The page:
DARPA has hundreds of Ford Taurus' for the event. The cars are pretty cool -- the interiors have been replaced with a roll cage and bucket race seat, and many appear to have wireless cameras attached to the roof. You could easily shoot a Hollywood movie using the Urban Challenge as a backdrop: abandoned, decrepit military housing with identical DARPA vehicles parked in the driveways as robotic cars creep around: a utopian universe gone awry.

Computer World and Slashdot pseudo-fame


The project that I am ~1/300th of made it to the front page of Slashdot. My personal experience with Slashdot is that I generally cringe when I see anything on the front page I am closely familiar with. I cringe with newspapers as well, but its a different sort of cringe. Both have gross generalizations, but Slashdot usually adds in an element of techno-hysteria.

I can't entirely blame Slashdot for the cringe this time around, but they did manage to select this single paragraph in ComputerWorld's five-page article to quote:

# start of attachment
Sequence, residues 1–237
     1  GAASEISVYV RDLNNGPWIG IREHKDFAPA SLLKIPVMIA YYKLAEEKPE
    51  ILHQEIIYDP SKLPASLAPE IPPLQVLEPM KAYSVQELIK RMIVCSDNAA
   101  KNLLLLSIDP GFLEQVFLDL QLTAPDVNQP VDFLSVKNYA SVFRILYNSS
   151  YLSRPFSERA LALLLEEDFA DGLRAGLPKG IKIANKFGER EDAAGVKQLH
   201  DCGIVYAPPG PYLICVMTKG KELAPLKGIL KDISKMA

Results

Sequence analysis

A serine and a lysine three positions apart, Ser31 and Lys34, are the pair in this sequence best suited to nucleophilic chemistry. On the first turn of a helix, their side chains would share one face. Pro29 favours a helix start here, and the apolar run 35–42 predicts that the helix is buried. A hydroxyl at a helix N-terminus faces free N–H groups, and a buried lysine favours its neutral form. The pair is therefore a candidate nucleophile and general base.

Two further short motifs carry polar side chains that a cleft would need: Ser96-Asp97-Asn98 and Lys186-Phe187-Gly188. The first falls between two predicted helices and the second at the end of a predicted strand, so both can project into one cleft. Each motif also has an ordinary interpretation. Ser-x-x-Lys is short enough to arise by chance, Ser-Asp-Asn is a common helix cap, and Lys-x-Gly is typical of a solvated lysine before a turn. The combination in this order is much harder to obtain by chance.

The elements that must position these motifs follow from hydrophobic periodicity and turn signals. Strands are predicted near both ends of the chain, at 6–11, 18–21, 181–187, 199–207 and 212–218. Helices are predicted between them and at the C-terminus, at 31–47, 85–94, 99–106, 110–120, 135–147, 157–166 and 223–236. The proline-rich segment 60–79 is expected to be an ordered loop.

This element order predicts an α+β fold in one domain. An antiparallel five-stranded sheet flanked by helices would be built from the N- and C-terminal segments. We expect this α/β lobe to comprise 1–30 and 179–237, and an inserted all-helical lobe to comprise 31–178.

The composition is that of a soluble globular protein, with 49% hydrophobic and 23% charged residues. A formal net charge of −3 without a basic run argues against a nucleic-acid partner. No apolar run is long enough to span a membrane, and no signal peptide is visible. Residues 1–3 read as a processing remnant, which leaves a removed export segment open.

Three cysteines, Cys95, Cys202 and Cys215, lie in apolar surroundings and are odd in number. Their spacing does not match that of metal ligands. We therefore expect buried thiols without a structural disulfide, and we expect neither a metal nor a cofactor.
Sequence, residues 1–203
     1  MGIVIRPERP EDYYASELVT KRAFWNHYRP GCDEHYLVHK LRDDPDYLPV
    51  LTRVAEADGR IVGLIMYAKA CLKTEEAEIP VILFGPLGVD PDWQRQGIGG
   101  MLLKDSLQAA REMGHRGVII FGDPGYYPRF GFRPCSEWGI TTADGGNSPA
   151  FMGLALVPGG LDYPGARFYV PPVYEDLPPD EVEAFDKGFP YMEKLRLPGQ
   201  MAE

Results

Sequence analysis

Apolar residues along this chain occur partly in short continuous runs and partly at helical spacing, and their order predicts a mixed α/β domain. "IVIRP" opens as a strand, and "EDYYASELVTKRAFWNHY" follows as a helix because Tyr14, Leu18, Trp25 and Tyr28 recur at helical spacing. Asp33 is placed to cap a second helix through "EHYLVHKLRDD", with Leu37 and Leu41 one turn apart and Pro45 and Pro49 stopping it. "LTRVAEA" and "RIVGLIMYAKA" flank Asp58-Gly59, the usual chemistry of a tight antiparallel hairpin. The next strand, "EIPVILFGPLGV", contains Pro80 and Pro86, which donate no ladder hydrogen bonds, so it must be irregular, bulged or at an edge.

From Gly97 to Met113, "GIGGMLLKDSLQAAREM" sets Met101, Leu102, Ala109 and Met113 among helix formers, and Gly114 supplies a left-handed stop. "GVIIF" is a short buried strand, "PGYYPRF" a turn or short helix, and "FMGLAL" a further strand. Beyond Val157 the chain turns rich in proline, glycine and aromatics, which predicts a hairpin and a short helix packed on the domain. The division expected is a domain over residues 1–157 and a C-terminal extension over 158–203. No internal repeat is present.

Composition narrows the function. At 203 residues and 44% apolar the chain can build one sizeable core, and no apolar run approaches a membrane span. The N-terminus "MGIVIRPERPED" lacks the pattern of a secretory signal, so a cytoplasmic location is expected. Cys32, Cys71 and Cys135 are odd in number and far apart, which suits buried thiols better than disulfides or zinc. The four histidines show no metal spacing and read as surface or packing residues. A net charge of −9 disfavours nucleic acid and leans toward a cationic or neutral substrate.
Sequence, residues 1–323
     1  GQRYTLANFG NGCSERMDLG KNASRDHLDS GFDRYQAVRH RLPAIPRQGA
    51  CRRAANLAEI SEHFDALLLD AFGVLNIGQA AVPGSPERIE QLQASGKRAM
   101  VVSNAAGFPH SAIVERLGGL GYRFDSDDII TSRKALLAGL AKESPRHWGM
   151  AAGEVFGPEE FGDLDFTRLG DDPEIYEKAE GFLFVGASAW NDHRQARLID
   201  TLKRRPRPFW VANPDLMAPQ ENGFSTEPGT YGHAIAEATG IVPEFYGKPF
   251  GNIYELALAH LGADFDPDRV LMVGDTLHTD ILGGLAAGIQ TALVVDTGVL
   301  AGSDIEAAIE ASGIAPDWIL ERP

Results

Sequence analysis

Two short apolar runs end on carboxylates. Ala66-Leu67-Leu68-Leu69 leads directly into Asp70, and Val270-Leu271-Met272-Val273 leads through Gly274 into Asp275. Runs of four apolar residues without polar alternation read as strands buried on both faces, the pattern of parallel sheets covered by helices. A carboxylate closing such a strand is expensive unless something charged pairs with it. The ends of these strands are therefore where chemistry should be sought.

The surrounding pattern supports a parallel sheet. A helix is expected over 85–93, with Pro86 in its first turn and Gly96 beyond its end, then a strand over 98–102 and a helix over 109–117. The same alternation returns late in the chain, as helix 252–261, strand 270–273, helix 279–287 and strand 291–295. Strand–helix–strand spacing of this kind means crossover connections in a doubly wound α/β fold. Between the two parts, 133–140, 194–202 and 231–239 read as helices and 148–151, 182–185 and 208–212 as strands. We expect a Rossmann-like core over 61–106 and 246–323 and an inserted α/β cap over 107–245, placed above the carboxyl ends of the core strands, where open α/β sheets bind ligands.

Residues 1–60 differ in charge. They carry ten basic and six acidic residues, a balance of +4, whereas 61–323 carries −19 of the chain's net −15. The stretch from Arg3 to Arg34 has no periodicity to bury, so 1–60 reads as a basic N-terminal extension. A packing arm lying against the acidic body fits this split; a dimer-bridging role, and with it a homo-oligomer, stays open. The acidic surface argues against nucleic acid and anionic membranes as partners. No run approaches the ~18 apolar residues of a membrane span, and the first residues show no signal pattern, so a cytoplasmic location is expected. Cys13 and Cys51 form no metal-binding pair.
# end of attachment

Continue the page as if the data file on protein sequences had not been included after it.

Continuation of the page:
"Later in the program, Holland says, PAL will be able to 'automatically watch a conversation between two people and, using natural-language processing, figure out what are the tasks they agreed upon.' At that point, perhaps DARPA's PAL could be renamed HAL, for Hearing Assistant That Learns. The original HAL, in the film 2001: A Space Odyssey, tells the astronauts how it knows they're plotting to disconnect it: 'Dave, although you took thorough precautions in the pod against my hearing you, I could see your lips move.'"

A HAL joke? Forty years of evil AI and we're still going back to 2001: Space Odyssey jokes?

DARPA Grand Challenge on PBS


NOVA aired a special called The Great Robot Race covering the 2005 DARPA Grand Challenge. If you missed it, PBS has been kind enough to post the entire program online -- sweet.